This Nonprofit Helps Young People Get in the Game
James Gee grew up in Springfield, in a single-parent household.
He remembers his mother having to hold down several jobs and work very long hours — 70, maybe 80 a week by his count. He also remembers sports, and especially basketball, being … well, much more than a game at that critical time in his life.
Sports were something to look forward to at a time when there wasn’t much in his life that fell into that category, he told BusinessWest, and something that provided a number of invaluable life lessons — on everything from the value of teamwork to overcoming adversity; from learning from role models to understanding the importance of working hard to achieve one’s goals.
“I had sports as something to keep me engaged and focused,” said Gee, head coach of the women’s varsity basketball team at Central High School, which won the state championship in 2022; a former player at Central himself; and a history teacher at the school. “I had coaches who would pick me up and drop me off and be there as role models as well. Mom was always there for me and always pushing the importance of academics, but the reality was, she had to go to work to pay the bills. I understood that, but when you have that much time, you can get in trouble and find the wrong friends and the wrong crowds. For me, because I had sports, I didn’t have time to get in trouble; my focus was much different.”
It is this basic understanding of the importance of sports in the development of young people that led to the creation of Springfield Ballers, a nonprofit that got its start with an all-girls basketball team (the Lady Ballers) back in 2006 — and also led to Gee to join the effort, become a pivotal force in its growth and development, and become passionate about its mission.
“I believe that sports correlates with life in so many ways. Everything from just being on time to handling adversity, dealing with different situations, dealing with different individuals, learning how to work through struggle; it’s huge. There are so many lessons that sports provide — and it also gives young people something to look forward to.”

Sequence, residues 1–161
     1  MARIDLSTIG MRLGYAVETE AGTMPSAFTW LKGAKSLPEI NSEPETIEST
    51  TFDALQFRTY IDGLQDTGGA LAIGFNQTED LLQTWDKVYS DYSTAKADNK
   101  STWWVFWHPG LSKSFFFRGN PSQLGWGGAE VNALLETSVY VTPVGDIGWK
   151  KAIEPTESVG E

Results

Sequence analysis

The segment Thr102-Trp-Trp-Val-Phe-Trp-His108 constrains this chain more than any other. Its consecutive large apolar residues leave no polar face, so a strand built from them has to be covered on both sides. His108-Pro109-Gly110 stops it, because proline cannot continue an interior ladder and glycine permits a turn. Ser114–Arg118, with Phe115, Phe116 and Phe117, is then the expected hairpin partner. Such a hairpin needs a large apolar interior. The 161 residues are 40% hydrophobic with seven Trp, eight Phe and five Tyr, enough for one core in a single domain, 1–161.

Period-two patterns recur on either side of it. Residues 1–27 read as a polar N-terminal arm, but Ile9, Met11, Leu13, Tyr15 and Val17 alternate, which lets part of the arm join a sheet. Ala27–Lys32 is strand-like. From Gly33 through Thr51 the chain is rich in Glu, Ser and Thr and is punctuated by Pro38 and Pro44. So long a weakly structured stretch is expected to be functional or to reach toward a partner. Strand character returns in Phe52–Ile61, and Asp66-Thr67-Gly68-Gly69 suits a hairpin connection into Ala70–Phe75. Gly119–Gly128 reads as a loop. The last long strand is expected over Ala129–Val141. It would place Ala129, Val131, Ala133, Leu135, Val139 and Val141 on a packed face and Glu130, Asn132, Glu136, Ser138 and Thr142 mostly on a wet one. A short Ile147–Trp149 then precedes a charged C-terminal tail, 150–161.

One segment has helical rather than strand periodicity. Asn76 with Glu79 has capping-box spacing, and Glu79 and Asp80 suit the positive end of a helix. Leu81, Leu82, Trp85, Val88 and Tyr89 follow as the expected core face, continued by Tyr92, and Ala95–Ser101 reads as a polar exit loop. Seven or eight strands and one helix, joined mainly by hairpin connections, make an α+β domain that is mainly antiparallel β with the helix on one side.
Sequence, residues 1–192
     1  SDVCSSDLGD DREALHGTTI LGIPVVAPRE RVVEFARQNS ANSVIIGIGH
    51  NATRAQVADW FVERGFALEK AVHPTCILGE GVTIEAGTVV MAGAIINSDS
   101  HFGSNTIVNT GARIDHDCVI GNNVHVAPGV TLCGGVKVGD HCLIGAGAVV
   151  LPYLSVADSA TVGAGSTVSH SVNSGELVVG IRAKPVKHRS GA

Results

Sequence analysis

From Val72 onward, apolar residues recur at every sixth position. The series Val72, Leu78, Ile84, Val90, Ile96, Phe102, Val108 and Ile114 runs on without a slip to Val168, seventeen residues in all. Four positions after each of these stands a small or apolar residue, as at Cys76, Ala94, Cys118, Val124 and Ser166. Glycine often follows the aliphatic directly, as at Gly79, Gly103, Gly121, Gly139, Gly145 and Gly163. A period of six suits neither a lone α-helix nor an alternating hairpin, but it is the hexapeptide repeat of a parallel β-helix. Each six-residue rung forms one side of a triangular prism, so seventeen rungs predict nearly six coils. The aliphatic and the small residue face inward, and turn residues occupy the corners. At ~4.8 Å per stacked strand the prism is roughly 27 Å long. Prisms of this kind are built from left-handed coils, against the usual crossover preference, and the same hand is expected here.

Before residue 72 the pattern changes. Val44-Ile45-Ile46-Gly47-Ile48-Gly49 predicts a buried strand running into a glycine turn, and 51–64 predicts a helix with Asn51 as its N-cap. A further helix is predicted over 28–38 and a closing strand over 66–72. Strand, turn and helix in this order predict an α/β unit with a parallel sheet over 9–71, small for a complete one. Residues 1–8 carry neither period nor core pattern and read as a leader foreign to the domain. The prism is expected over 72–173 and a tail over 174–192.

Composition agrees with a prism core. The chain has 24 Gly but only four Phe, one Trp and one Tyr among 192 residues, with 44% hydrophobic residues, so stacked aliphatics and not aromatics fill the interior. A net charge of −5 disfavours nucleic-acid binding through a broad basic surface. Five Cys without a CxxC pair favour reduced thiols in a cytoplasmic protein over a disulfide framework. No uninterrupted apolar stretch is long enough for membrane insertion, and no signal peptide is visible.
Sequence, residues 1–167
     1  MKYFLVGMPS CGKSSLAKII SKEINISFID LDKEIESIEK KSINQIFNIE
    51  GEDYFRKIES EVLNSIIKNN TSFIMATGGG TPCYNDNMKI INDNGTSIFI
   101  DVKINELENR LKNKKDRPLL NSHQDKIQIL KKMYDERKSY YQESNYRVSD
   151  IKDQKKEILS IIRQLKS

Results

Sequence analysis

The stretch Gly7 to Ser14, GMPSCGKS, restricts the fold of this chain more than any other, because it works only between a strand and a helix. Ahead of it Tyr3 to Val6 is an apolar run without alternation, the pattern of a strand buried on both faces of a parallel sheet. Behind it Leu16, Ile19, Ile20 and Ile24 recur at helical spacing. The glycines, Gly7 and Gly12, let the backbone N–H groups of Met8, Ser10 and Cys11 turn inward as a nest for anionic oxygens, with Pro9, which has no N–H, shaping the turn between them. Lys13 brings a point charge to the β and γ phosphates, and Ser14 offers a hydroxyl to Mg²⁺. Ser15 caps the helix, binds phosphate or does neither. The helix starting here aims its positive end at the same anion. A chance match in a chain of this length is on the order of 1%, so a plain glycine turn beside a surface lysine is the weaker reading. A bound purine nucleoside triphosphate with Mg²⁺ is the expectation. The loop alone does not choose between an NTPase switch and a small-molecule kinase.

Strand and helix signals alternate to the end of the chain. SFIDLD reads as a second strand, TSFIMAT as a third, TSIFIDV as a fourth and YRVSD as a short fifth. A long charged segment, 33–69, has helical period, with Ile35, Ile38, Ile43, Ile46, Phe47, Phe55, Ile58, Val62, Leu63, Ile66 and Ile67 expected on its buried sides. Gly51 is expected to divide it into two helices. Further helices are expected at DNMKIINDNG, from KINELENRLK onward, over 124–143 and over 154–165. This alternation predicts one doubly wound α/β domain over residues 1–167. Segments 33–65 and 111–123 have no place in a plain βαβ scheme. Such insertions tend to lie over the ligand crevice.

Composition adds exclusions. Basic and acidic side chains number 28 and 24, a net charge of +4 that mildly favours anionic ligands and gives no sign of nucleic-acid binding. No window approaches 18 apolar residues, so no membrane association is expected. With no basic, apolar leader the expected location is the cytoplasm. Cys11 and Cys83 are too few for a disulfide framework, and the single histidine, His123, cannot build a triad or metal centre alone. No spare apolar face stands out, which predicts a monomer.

Today, through the leadership of Gee, who now serves as president and CEO of the nonprofit; fellow coach Mike Anderson; and a strong board of directors, the Ballers has expanded its mission in many different ways.
Indeed, there are now 27 basketball teams involving boys and girls of all ages; other sports, including golf, lacrosse, and softball; clinics; competitions; and more. Access to sports and competition is now year-round.
Summing it up, Gee said it’s about making sports affordable and accessible, and thus enabling young people to enjoy the many benefits of sports and competition. But the equation also includes exposure to coaches and other positive role models, support with academics, and much more.
“I believe that sports correlates with life in so many ways,” he explained. “Everything from just being on time to handling adversity, dealing with different situations, dealing with different individuals, learning how to work through struggle; it’s huge. There are so many lessons that sports provide — and it also gives young people something to look forward to.
“With a lot of the coaches, they become a really important figure in the kids’ lives. And they provide a lot more than just coaching them on the court.”
“With all the challenges people face today, sports gives them something to distract them, especially children in lower socioeconomic and demographic areas,” he added. “Sports gives them something to look forward to after school; sports teaches you so many lessons.”